Monthly market update July '20
Global equity market movements were mixed over July, aided by positive developments on the health front and significant government stimulus and offset by news of second wave virus outbreaks and an escalation in US/China tensions. Global coronavirus cases increased, with a resurgence of new cases in Australia, Japan and some regions of Europe, while markets continued to be supported by significant fiscal stimulus and intervention by central banks. US policymakers edged towards a new stimulus package over the month, and in Australia, the government announced further support measures with an extension of the JobKeeper and JobSeeker programs, albeit at reduced rates. After a strong rally from March lows, risks remain on the horizon for investors from short-term setbacks given significant uncertainties around second wave outbreaks, the economic recovery and US/China tensions.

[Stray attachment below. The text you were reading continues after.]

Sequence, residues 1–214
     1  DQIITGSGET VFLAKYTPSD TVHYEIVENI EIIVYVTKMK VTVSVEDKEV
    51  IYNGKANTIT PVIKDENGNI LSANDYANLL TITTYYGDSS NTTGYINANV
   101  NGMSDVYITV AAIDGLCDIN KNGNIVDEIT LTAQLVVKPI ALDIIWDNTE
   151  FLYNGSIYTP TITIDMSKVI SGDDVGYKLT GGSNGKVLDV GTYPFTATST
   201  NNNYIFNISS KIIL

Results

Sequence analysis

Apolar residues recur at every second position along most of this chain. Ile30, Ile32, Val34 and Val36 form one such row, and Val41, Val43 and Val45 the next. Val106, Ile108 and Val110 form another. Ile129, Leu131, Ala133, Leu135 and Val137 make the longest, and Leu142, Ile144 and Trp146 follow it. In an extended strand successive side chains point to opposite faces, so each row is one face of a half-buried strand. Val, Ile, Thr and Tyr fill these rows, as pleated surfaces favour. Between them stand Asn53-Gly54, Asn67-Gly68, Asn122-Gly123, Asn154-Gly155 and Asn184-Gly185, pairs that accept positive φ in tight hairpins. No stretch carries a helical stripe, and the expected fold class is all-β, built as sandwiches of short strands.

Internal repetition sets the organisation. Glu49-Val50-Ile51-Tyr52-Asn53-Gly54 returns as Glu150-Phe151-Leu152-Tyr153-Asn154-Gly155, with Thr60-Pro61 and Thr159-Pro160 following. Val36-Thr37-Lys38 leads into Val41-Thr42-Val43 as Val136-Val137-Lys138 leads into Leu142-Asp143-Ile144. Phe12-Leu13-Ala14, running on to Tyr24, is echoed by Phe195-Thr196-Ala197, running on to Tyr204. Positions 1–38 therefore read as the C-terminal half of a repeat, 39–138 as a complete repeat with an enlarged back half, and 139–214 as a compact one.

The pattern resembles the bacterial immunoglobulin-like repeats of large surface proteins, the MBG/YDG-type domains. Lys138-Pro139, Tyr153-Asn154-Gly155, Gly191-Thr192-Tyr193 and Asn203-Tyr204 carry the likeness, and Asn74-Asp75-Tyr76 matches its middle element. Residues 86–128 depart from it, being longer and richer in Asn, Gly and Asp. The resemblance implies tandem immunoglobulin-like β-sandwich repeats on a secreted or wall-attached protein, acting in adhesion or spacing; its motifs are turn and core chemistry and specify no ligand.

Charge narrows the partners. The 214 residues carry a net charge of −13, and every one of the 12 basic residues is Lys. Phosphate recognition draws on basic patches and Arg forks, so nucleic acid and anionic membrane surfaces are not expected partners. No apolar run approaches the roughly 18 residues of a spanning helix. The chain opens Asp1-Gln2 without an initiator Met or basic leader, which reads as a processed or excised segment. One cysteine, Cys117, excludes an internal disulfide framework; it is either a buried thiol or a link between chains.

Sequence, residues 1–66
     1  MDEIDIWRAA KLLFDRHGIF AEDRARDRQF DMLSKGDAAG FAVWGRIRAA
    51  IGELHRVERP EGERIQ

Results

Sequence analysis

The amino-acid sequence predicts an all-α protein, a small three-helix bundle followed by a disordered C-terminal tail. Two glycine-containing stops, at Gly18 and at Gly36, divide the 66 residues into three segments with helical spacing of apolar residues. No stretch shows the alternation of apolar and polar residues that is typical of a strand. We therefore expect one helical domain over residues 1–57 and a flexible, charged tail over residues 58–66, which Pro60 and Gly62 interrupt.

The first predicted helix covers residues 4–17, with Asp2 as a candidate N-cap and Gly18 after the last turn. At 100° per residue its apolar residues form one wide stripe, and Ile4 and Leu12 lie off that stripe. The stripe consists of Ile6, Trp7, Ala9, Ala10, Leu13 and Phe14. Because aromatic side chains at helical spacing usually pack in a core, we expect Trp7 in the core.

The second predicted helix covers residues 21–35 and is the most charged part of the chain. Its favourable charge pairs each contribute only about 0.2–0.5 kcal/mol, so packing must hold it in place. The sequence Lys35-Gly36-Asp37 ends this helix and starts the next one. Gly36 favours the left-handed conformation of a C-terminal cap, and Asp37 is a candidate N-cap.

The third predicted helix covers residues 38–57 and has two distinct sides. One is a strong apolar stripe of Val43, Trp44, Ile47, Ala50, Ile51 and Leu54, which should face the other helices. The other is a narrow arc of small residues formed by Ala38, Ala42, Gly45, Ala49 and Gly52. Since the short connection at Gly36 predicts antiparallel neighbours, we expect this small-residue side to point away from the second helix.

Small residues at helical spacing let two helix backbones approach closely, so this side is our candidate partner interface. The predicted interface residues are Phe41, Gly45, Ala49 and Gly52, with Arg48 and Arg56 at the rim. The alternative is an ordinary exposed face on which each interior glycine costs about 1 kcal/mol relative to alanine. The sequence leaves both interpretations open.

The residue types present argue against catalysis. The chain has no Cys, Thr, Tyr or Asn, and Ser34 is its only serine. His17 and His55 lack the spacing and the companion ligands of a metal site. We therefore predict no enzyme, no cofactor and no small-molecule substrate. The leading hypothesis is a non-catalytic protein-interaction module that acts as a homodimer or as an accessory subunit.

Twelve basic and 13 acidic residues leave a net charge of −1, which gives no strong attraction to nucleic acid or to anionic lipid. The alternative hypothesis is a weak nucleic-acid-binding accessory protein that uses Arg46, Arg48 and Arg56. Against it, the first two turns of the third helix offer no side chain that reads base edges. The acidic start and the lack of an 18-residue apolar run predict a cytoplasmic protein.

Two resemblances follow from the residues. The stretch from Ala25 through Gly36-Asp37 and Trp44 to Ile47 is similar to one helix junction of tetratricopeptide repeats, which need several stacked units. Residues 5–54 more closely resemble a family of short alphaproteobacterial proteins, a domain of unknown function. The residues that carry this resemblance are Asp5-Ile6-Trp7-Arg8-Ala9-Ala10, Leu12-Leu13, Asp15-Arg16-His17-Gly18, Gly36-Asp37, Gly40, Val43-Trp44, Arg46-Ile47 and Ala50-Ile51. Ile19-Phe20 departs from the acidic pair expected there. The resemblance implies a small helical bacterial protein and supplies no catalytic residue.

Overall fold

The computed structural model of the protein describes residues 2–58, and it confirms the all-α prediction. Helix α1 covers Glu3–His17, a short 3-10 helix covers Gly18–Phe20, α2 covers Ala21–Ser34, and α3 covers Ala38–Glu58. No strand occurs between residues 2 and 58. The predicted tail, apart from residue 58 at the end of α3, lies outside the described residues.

US equity markets had another positive month, with the S&P 500 Composite gaining 5.6% (in local currency terms). As expected, the Federal Reserve left its target interest rate range at 0.00% – 0.25% in July and remained in dovish “whatever it takes” mode. Economic data continues to provide evidence of a gradual recovery from the depths of March, with the US unemployment rate dropping to 10.2% in July (down from 11.1% in June). The National Association of Home Builders/Wells Fargo Housing Market Index (HMI) rose to 72.0 in July, from 58.0 in the previous month, beating market expectations and indicating the US housing market recovery continues to gain pace. Similarly, the Markit US Manufacturing PMI improved to 50.9 in July, from 49.8 in June (any number above 50 signals an expansion in manufacturing activity compared to the previous month).